Last night’s trapping was a disappointment, producing very few animals – a large percentage of the traps were tampered with, presumably by locals who are opposed to CAAT’s work on the island, and the remaining traps ensnared animals we’d captured previously. With only three days of work to go, and nine missing cat traps, the team worked hard to remain positive in light of its many challenges.
Thankfully, there was good news on the horizon.
“We had one golf cart donated to us for a day by Molly, who owns the hardware shop, and Annie, who’s Chocolate’s wife. It was amazing. They split the cost and they rented it to us for a day," said Caitlin. “We were able to expand and trap all over the island, which is something that we just haven’t been able to afford to do before now.”
A second golf cart was donated to us by Tammy and Michael, a Canadian couple originating from Revelstoke, BC. The carts, while allowing us to accomplish more than ever before in terms of animal pick-ups and trapping, caused the team to be dispersed and less effective than on previous days.
Barb, Caitlin, Eve and Chris headed out to the dump to pick up a mother dog, who recently bore a litter of puppies. She was brought into the clinic for spaying, while high school students came to observe surgeries, granting Dr. Jen a standing ovation as she began a dog spay.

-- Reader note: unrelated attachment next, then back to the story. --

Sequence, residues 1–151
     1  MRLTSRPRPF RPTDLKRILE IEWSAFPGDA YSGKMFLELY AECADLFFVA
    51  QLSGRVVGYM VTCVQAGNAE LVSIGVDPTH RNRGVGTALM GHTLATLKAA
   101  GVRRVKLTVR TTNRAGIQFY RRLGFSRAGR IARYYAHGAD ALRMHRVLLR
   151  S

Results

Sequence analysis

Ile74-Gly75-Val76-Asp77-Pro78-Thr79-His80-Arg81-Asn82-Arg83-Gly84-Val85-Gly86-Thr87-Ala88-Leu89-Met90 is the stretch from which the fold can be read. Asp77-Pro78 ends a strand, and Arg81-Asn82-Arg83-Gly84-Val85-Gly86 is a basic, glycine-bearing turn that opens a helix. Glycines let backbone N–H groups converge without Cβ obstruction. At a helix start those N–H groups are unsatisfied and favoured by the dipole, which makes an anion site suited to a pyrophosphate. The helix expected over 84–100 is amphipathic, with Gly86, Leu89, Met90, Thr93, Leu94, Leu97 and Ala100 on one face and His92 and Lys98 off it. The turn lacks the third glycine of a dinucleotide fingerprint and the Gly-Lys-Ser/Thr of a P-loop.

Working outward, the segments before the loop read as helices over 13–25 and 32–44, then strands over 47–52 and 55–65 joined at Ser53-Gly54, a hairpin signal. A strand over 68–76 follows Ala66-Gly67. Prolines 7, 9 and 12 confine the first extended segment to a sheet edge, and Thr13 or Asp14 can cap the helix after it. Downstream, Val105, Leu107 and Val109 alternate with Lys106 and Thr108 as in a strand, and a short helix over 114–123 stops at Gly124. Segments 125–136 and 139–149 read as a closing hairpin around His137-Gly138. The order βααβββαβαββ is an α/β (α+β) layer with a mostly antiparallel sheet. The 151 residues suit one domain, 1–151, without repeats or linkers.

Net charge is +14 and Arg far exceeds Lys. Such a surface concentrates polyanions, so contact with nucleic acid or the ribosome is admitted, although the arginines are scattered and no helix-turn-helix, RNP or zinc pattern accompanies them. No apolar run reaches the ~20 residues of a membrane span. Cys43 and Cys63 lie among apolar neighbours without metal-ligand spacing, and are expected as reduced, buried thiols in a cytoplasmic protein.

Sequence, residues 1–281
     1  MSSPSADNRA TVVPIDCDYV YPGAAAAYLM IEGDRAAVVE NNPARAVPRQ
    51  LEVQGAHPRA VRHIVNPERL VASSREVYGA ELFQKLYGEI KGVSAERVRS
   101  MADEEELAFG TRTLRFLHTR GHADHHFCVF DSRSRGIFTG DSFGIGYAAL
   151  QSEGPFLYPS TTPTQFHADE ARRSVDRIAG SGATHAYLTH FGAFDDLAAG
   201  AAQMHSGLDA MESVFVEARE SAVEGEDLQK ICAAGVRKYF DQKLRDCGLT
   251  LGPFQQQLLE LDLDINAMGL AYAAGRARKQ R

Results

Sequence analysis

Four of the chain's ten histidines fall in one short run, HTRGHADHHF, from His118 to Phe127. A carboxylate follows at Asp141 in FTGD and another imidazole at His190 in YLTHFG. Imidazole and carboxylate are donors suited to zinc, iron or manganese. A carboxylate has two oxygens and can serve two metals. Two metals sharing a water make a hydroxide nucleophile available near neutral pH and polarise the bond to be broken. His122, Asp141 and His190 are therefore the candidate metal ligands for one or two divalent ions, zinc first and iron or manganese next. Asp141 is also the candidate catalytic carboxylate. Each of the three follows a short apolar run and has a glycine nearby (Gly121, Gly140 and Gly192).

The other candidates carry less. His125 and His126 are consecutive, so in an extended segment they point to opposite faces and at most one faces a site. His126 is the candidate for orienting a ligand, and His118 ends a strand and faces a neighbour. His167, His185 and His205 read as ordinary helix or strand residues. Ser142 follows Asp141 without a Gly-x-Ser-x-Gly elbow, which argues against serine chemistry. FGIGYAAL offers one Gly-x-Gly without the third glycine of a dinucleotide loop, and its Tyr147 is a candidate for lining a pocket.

Dr. Sherisse manned the vaccine table for much of the day, assisted by Kim, who then spent the afternoon with animals in recovery. The team was aided by Donna, who worked as a technician for several hours.
Dr. Anna was working hard to get Charlie on her flight back to Vancouver over the last few days. “They don’t like to fly them on weekends,” she explained. Her flight is the most direct: a twelve-hour flight with only a brief stop in Houston where there are kennel facilities. Officials at the Belize airport are helping to organize Charlie’s safe transport to Canada, where she can receive the care she so requires.
"Any time you’d go near to her or look at her, she'd put her head up!" Dr. Gina slipped behind the fence and was able to inject Bambi with a sedative. "We got the drug into her, but of course she jumped up and took off."
Bambi ran back inland, with Amanda, Corinne and Dr. Gina in hot pursuit. "We were just trying to follow her and not lose her because she was going to get sleepy," said Dr. Gina. Bambi and the smaller dog ran into an empty lot. "And the empty lot was owned by a man that doesn’t want people on his property!" Corinne interjected.
By this point, Bambi was sedated and completely catchable, except that the male dog was barking and attacking in an attempt to defend.
"This little feister...he would have taken on the biggest pitbull in the world! He wasn’t backing down," said Corinne. "I’m trying to distract him, ‘cause I’m trying to get him to come on with me." Corinne managed to get a rope around the toothy dog's leg but he lunged forward and nipped her hand. "Just a little knick on my thumb here. It broke the skin. It looked a little bloody. But I’m on antibiotics, just in case," she said.
Bambi was up and running again. Dr. Gina and Corinne had recruited the help of several local men, chasing both dogs through several yards and even crawling under a chain link fence. "I got across the field, and she was snagged...they threw the blanket over her and that was it," explained Dr. Gina, who then returned to the clinic to perform Bambi's spay.
"For a disorganized day, we still got a lot done," said Monica. "It’s too bad we’re going home so soon ‘cause now it seems like everyone’s starting to get excited about us."